U.S. traffic safety groups, along with the federal government, have been applauding the significant reduction in highway deaths that seems to be a nationwide trend over the last few years. However, other nations have even a better record of traffic safety and two new government reports say we could be doing more in the U.S. to save lives on the nation’s roadways, according to Consumer Reports.
The National Research Council lists several improvements, including frequent sobriety checkpoints to find drunk drivers (saving 1,500 to 3,000 lives); enforcement of speed limits (saving 1,000 to 2,000 lives); making the motorcycle helmet laws universal (saving 450 lives); and increasing seat belt use from 85% to 90% (saving 1,200 lives).
The National Transportation Safety Board also recommends universal helmet laws for motorcyclists. Florida opted out of a law mandating helmets in 2000 and saw an immediate sharp increase in the number of motorcycle deaths. A universal helmet law would mean all 50 states adopt some requirement for helmets.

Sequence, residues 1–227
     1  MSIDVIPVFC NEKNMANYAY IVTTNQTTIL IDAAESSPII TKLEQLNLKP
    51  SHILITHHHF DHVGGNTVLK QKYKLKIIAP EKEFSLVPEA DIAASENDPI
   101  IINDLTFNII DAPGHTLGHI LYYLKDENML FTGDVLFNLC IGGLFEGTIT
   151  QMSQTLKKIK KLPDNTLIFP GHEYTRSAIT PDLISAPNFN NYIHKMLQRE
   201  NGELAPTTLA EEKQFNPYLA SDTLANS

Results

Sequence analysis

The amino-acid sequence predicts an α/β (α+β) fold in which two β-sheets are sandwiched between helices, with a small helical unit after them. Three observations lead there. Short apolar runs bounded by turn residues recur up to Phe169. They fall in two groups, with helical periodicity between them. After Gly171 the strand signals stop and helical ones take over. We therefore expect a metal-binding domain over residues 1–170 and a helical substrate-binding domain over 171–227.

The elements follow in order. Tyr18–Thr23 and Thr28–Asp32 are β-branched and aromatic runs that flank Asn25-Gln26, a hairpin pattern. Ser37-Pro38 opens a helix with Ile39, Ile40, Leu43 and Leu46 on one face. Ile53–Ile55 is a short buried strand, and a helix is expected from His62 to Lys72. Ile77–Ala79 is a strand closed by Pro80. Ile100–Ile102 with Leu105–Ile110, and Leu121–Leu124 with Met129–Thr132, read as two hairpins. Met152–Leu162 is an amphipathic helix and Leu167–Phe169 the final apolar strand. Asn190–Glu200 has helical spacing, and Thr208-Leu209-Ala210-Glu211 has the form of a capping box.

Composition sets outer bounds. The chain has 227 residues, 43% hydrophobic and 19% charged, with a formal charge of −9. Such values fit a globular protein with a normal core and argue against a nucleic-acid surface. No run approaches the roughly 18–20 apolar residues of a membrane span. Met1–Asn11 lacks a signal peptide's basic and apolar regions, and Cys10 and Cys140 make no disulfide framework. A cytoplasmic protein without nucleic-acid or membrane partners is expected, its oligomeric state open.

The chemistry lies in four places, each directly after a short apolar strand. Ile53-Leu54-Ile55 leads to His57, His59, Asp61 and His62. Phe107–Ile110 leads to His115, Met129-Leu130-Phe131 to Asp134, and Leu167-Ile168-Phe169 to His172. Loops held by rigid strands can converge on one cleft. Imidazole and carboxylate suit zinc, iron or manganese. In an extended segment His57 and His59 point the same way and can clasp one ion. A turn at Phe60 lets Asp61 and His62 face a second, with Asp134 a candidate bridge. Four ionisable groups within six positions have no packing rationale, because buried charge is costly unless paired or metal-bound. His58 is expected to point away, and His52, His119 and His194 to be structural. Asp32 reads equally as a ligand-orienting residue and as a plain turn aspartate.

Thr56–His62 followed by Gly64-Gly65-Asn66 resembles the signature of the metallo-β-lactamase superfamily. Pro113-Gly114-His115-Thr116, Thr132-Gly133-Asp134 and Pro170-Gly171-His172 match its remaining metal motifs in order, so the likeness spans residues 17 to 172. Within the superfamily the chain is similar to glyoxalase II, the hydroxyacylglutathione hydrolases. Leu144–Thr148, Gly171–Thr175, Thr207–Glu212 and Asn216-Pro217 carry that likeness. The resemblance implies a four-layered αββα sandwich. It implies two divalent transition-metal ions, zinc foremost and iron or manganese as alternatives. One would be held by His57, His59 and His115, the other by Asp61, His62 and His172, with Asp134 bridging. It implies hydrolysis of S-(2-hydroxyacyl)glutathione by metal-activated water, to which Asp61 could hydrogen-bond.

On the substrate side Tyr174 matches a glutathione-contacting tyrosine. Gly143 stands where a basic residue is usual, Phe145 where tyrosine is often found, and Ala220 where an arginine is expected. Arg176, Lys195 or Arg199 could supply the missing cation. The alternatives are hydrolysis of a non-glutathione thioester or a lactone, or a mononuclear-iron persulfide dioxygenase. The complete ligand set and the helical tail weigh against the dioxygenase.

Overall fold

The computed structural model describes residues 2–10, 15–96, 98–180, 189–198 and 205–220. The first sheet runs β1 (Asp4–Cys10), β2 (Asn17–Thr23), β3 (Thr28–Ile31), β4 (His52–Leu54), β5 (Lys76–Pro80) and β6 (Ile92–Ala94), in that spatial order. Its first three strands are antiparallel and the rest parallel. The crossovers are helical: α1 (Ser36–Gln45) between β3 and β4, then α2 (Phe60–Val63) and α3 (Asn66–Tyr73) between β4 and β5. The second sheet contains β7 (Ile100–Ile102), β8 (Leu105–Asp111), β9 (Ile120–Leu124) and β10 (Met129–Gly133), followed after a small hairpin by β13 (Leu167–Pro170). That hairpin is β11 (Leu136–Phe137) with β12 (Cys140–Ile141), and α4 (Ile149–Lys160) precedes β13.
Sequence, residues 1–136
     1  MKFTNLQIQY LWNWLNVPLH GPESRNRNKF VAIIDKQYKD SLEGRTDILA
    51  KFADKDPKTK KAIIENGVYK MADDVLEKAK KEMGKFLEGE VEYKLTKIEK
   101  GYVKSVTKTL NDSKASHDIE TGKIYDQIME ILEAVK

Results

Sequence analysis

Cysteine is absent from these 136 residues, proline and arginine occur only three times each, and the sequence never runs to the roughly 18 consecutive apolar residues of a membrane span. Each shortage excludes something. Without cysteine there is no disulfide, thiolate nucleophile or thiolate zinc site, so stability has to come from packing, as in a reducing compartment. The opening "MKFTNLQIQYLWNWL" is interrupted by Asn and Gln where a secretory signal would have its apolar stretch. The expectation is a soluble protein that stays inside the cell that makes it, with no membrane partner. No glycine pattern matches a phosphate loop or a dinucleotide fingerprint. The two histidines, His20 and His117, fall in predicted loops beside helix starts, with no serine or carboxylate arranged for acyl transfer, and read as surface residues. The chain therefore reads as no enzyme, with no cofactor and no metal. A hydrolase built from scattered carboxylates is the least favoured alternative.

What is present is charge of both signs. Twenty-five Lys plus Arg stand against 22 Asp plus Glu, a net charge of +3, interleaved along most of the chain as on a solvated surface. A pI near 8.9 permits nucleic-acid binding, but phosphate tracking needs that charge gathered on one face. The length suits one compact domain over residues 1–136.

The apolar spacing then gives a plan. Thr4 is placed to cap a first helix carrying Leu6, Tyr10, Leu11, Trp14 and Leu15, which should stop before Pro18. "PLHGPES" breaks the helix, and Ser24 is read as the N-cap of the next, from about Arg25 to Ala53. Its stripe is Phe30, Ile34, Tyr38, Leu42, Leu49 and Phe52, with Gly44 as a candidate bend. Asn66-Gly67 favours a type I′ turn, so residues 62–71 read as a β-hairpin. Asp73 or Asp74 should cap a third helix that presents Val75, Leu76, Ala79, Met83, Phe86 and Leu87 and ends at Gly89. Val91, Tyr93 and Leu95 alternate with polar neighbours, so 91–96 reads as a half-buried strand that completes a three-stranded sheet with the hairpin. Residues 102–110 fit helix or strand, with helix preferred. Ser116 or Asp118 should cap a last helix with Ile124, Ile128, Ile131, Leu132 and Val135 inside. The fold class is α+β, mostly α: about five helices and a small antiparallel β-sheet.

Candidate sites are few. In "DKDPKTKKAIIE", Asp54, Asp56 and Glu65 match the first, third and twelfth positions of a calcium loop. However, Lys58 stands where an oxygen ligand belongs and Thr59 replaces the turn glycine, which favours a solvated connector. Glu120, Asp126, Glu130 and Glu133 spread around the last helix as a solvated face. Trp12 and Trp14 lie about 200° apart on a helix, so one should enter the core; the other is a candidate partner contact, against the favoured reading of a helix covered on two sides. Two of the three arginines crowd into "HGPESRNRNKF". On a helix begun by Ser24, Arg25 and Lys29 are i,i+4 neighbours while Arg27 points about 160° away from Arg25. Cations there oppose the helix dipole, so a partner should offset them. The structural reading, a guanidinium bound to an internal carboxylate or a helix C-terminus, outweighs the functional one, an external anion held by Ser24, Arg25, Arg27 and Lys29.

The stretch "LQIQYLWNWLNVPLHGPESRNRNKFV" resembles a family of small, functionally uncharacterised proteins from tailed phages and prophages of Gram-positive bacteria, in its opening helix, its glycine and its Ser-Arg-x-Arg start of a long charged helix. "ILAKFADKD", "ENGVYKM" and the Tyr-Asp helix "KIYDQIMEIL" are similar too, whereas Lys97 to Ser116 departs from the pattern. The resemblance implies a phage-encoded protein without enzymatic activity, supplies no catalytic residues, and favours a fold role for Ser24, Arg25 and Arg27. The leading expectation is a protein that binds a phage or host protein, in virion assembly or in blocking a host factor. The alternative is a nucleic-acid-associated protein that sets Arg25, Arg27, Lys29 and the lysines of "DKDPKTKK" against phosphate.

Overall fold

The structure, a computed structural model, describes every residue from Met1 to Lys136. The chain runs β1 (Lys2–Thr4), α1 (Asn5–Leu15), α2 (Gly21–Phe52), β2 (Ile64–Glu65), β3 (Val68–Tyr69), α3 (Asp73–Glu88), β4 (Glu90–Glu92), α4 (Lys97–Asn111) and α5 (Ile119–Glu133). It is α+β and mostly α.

Another top priority is eliminating distracted driving by young drivers, improving the use of child and booster safety seats, getting tough on habitual drunk driving offenders, and enacting tougher seat belt laws.
While the U.S. has been making steady progress on all of these fronts, there remains more to do to save lives on the roadways. The Jacksonville personal injury attorneys at Farah & Farah have been representing victims of Florida auto and truck accidents for more than 25 years and offers a free and comprehensive consultation on your accident case. If you don’t know where to begin following an accident, give us a call at 1-800-533-3555.